VSO Project at the National Archives of The Gambia

By: Richard Temple, Senate House Library, University of London

By 2000, I had been working as an archivist for nearly a decade, beginning at Nuffield College, Oxford and then, after that, at the Modern Records Centre, University of Warwick. In September of that year, I headed for The Gambia in West Africa to begin a VSO project at the National Records Service (NRS) in Banjul.

Warwick had generously given me leave of absence, without which I doubt I would have had the courage to leave for The Gambia.

My brief was twofold: To set up an appraisal system for the large backlog of Cabinet cabinet-level records, and also to write a guide to the National Archives of The Gambia.

In so doing, I was building on work by colleagues at the NRS and also the International Records Management Trust (IRMT). The IRMT had already been working for several years in The Gambia helping the NRS set up a records management system for central government. Andrew Griffin of the IRMT not only encouraged me to take on the project but, along with Anne Thurston, the director of the IRMT, was a constant support throughout.

I had been warned by VSO officials that my placement might be a challenging one. But within minutes of my arrival at the Quadrangle, the administrative centre of government in The Gambia, I knew things would work out. My Gambian colleagues, whom I met that day, were a delight to work with. The Cabinet files were in good order and in excellent condition, a testament to the NRS and also to the IRMT’s involvement in record-keeping there. So off we went.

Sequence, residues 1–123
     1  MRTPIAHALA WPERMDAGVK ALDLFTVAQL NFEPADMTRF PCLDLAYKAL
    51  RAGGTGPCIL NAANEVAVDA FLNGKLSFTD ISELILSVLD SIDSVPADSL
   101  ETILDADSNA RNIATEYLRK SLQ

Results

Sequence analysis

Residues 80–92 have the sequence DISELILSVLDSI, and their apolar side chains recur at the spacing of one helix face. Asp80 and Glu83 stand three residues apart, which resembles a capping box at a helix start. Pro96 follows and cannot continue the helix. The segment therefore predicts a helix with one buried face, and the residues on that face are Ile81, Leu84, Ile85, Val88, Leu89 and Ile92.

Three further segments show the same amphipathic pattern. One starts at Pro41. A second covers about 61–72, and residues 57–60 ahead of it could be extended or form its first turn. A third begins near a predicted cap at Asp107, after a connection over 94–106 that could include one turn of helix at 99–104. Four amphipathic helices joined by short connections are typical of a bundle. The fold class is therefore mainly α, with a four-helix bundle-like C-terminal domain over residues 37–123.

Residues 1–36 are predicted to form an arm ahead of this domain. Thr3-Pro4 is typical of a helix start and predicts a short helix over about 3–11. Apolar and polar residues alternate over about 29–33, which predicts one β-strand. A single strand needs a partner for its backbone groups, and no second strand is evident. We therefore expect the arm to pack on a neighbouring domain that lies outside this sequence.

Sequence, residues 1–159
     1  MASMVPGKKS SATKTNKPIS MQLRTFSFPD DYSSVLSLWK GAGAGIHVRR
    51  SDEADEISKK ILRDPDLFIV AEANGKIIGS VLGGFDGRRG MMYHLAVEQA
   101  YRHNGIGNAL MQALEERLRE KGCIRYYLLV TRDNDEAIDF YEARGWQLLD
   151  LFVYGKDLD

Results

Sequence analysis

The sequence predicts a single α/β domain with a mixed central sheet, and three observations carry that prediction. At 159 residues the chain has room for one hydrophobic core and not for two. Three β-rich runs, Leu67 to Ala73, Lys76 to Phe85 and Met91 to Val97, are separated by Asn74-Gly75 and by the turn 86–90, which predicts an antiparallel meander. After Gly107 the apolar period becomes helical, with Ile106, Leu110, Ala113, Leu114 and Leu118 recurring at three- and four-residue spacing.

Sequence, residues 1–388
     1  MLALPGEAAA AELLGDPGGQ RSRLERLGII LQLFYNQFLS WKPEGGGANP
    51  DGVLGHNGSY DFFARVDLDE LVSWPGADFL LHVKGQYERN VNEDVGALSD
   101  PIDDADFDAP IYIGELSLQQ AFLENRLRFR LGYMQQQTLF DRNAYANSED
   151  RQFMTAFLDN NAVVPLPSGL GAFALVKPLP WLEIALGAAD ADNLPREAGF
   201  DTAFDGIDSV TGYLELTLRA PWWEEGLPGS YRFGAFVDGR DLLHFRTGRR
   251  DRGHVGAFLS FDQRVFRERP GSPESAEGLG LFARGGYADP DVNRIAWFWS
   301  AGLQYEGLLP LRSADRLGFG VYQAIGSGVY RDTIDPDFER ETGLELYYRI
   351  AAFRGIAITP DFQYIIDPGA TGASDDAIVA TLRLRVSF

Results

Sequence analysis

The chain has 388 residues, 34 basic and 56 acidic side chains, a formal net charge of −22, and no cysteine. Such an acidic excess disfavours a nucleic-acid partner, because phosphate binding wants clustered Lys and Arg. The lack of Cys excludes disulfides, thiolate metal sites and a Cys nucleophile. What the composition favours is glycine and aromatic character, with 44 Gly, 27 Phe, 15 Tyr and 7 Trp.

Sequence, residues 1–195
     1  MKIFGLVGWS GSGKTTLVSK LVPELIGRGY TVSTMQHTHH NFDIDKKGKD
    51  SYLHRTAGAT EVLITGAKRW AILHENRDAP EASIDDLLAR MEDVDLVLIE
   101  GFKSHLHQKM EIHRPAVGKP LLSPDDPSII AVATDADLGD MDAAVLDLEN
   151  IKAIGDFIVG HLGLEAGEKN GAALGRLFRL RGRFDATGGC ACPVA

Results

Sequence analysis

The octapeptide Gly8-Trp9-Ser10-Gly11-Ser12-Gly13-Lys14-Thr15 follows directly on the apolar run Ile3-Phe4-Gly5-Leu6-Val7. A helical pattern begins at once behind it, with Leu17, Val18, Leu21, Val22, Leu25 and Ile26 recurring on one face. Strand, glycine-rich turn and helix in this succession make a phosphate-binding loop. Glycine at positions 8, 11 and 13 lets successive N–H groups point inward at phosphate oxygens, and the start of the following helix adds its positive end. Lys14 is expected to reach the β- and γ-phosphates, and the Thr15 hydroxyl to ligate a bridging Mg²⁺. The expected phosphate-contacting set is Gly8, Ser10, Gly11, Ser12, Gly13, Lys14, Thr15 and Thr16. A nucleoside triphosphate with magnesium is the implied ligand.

The next eighteen months were immensely rewarding and enjoyable.

There were challenges: A rat scuttled over my foot as I was shown into the office for the first time, and there were differences in approach to the working day.

It was usually so hot – there was no air conditioning for most of my stay – that I used to repair to the reading room, where it was cooler. There I could work on the Guide in the afternoon without collapsing from heatstroke. At one point, VSO rang the office to tell me to stay put as there were rumours of coup. Fortunately these were unfounded and I didn’t need to miss the bush taxi home.

We were lucky not to have the problems with termites and other environmental problems that bedevil archives elsewhere in Africa.

One of the keys to contentment was reciprocal respect. I had much to learn from my Gambian colleagues and they, I hope, learned something from me. By the time I left, in March 2002, we had drawn up appraisal criteria for all the ministries and appraised hundreds of files. The Guide was two thirds completed.

My successor, Gemma Bentley, had a happy, productive time at the NRS too. Elizabeth Bahoum, my colleague in 2000-2002, now runs the NRS using the expertise she gained training in archives management in Ghana.

The archival heritage of African countries is as precious and as unique as it is anywhere else. I would urge any archives colleagues who have the chance to work there to seize the opportunity.

Many thanks to Stephen Rice for permission to use his photograph of the Government Quadrangle in Banjul, The Gambia as the featured image of this article.